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That he dared her with one little ship and Light among the vanished ages; star that

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When a wind from the lands they had ruined awoke from sleep,

And the water began to heave and the weather to moan,

And or ever that evening ended a great gale blew,

And a wave like the wave that is raised by an earthquake grew,

115 Till it smote on their hulls and their sails and their masts and their flags,

And the whole sea plunged and fell on the shot-shattered navy of Spain,

And the little Revenge herself went down by the island crags

To be lost evermore in the main.



Roman Virgil, thou that singest Ilion's lofty temples robed in fire, Ilion falling, Rome arising, wars, and filial faith, and Dido's pyre;

Landscape-lover, lord of language more than he that sang the 'Works and Days,' All the chosen coin of fancy flashing out from many a golden phrase;

Thou that singest wheat and woodland, tilth

and vineyard, hive and horse and herd; 5 All the charm of all the Muses often flowering in a lonely word;

Poet of the happy Tityrus piping underneath his beechen bowers;

Poet of the poet-satyr whom the laughing shepherd bound with flowers;

Chanter of the Pollio, glorying in the blissful years again to be,

gildest yet this phantom shore; Golden branch amid the shadows, kings and realms that pass to rise no more;

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Summers of the snakeless meadow, unla- Raving politics, never at rest—as this poor

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earth's pale history runs,

What is it all but a trouble of ants in the gleam of a million million of suns?

Lies upon this side, lies upon that side, truthless violence mourned by the wise, 5

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Vows that will last to the last death-ruckle, and vows that are snapped in a moment of fire;

He that has lived for the lust of the minute, and died in the doing it, flesh without mind;

He that has nailed all flesh to the Cross, till Self died out in the love of his kind;

Spring and Summer and Autumn and Winter, and all these old revolutions of earth;

All new-old revolutions of Empire - change of the tide what is all of it worth? 30 What the philosophies, all the sciences, poesy, varying voices of prayer? All that is noblest, all that is basest, all that is filthy with all that is fair?

What is it all, if we all of us end but in being our own corpse-coffins at last? Swallowed in Vastness, lost in Silence, drowned in the deeps of a meaningless Past?

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ROBERT BROWNING (1812-1889).

Browning, born in Camberwell, a London suburb, was the son of a clerk in the Bank of England, who gave him a good education and encouraged his youthful inclination towards poetry. His first poem, Pauline, the Fragment of a Confession, was published anonymously in 1833; it is strongly marked by the influence of Shelley, and gives only a hint of its author's later style. After a visit to Russia, he produced Paracelsus (1835), which shows a considerable advance in artistic power, especially in the delineation of character. It brought about an invitation from Macready, the leading actor-manager of the day, to write a play, and in response Strafford was written and acted in 1837, with only moderate success. Browning wrote other plays, some for the stage and others for the study, A Blot in the 'Scutcheon being his best tragedy, and Colombe's Birthday his best comedy. Meanwhile he was working at a long narrative poem, Sordello, discussing the philosophic issues raised in connection with the life of a medieval troubadour; for the historical background he made elaborate studies in the British Museum and in Italy, to which he paid his first visit in 1838. Sordello was published in 1840, and had an unfavorable reception, owing to its extraordinarily concise and allusive style, which made it exceedingly difficult to understand. Browning was compelled to issue his next volumes in very cheap form at his own expense; the early numbers of the Bells and Pomegranates series, as he called it, could be bought for a few cents. The first issue, a dramatic poem entitled Pippa Passes, at once became popular, but many years elapsed before the injury done to the poet's reputation by Sordello was over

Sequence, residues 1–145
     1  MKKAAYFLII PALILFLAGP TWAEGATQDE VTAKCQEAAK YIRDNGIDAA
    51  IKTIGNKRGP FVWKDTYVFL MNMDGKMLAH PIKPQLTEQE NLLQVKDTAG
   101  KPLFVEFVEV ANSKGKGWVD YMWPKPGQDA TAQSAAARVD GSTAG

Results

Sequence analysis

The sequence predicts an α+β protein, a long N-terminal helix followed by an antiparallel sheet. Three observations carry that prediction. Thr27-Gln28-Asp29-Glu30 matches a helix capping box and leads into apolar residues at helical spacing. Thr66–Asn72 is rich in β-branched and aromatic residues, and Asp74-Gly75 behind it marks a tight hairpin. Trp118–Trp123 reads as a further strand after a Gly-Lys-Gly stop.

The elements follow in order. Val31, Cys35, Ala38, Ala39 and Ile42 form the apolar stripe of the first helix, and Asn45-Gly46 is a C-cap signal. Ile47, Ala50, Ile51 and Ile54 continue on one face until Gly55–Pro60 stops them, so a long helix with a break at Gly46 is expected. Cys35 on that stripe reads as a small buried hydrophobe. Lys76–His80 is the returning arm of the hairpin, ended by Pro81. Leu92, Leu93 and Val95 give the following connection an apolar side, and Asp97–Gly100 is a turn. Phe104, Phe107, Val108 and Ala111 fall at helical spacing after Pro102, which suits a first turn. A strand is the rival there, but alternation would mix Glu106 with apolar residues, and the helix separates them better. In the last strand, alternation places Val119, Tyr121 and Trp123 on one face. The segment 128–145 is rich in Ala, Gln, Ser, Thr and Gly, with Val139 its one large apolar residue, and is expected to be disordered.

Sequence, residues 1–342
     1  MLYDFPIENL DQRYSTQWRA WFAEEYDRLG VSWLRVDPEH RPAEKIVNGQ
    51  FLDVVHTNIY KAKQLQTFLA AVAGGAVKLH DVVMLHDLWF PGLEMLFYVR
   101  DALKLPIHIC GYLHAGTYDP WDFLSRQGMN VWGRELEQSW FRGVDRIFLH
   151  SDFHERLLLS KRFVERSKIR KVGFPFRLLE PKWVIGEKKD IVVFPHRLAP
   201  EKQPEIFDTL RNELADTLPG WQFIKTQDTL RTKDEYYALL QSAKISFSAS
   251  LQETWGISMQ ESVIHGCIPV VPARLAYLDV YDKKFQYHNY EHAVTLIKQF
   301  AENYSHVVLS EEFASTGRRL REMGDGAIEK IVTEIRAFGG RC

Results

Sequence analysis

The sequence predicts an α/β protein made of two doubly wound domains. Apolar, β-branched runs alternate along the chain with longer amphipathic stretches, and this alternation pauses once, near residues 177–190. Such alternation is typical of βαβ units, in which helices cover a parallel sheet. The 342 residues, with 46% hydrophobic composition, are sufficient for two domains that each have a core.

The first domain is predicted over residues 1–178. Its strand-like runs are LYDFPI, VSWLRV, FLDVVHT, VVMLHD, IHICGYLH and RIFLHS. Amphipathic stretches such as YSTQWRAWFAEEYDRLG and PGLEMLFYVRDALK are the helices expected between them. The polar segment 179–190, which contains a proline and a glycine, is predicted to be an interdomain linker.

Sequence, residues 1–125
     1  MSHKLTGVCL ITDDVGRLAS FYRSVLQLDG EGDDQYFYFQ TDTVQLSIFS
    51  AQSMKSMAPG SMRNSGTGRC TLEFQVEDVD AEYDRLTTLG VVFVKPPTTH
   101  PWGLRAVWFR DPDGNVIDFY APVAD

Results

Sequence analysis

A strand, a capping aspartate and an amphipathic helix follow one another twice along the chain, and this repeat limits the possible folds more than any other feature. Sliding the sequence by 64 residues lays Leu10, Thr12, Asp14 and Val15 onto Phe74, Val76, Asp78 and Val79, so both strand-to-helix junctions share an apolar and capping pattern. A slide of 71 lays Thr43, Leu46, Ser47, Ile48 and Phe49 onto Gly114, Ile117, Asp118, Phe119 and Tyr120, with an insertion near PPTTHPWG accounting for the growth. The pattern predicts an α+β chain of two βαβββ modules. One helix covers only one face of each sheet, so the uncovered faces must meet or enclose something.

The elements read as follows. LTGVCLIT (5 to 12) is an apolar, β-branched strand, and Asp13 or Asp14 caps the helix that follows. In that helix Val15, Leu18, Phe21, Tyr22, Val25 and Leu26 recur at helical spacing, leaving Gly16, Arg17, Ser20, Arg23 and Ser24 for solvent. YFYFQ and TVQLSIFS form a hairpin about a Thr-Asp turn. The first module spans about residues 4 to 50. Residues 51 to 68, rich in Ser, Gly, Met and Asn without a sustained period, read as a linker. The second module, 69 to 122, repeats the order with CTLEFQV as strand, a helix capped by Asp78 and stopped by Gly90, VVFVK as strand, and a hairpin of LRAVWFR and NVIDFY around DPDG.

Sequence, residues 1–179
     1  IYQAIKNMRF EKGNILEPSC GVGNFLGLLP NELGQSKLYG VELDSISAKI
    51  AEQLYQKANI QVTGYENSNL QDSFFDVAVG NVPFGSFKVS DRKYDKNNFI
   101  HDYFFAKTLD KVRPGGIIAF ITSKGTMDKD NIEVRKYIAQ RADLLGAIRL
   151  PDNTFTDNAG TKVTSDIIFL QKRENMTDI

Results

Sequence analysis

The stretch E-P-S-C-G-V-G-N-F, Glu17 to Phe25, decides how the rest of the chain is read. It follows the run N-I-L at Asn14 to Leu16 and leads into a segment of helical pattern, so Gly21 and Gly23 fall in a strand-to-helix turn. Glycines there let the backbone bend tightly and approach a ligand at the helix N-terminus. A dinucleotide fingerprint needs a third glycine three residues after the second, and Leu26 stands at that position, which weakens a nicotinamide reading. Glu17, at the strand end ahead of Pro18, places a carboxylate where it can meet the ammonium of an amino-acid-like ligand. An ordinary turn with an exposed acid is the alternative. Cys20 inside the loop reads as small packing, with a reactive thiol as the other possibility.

The crucial event in Browning's life and in his poetic career was his marriage in 1846 to the most gifted of English poetesses, Elizabeth Barrett: owing partly to the state of her health and partly to her father's disapproval of the match, they lived in Italy, chiefly at Florence, till Mrs. Browning's death in 1861. During his married life Browning produced his best work the dramatic monologues included in the volume known as Men and Women (1855). His wife's influence is also to be discerned in another collection of shorter poems, Dramatis Persona (1864), and in his longest narrative poem, The Ring and the Book (1868-9), an elaborate treatment of a Roman murder trial, of which Browning found the pleadings in an old book he picked up from a second-hand book stall at Florence. He did not return to Florence after the death of his wife, but resided in London, and slowly won for himself a leading place in public esteem along with Tennyson, with whom he was on very friendly terms. His later work is marred by an excessive tendency to philosophical speculation and psychological analysis as well as grotesqueness of expression, but these defects are naturally most noticeable in his longer poems. He continued to produce beautiful lyrics and dramatic monologues of unsurpassed power and intensity until his death at Venice in 1889. It is probably by his shorter rather than by his longer poems that Browning will hold his place among the leading English poets. He is unsurpassed as a master of the dramatic monologue- -a short poem in which the speaker reveals his soul at some critical moment by telling his thoughts or his story to someone else. Although Browning had unusual metrical facility, he indulged at times in abrupt transitions and grotesque rimes which give to his work an appearance of oddity and sometimes of obscurity. The charge of intentional obscurity sometimes leveled against him is, of course, absurd. He wrote to an admirer who drew attention to this accusation: I can have little doubt that my writing has been in the main too hard for many I should have been pleased to communicate with; but I never designedly tried to puzzle people, as some of my critics have supposed. On the other hand, I never pretended to offer such literature as should be a substitute for a cigar or a game at dominoes to an idle man. So, perhaps, on the whole I get my deserts, and something over not a crowd, but a few I value more.' Swinburne's comment was that Browning is something too much the reverse of obscure; he is too brilliant and subtle for the ready reader of a ready writer to follow with any certainty the track of an intelligence which moves with such incessant rapidity. . He never thinks but at full speed; and the rate of his thought is to that of another man's as the speed of a railway to that of a waggon, or the speed of a telegraph to that of a railway.' Fortunately for the ordinary reader, his best poems are not his most difficult ones, and the patient student will find that even his worst are marked by extraordinary intellectual vigor and insight into character. While his reputation has hardly kept the supreme place given to it by his admirers at the close of the Victorian era, he remains one of the greatest figures in English poetry, remarkable alike for his message to his time and for the skill and power with which he delivered it.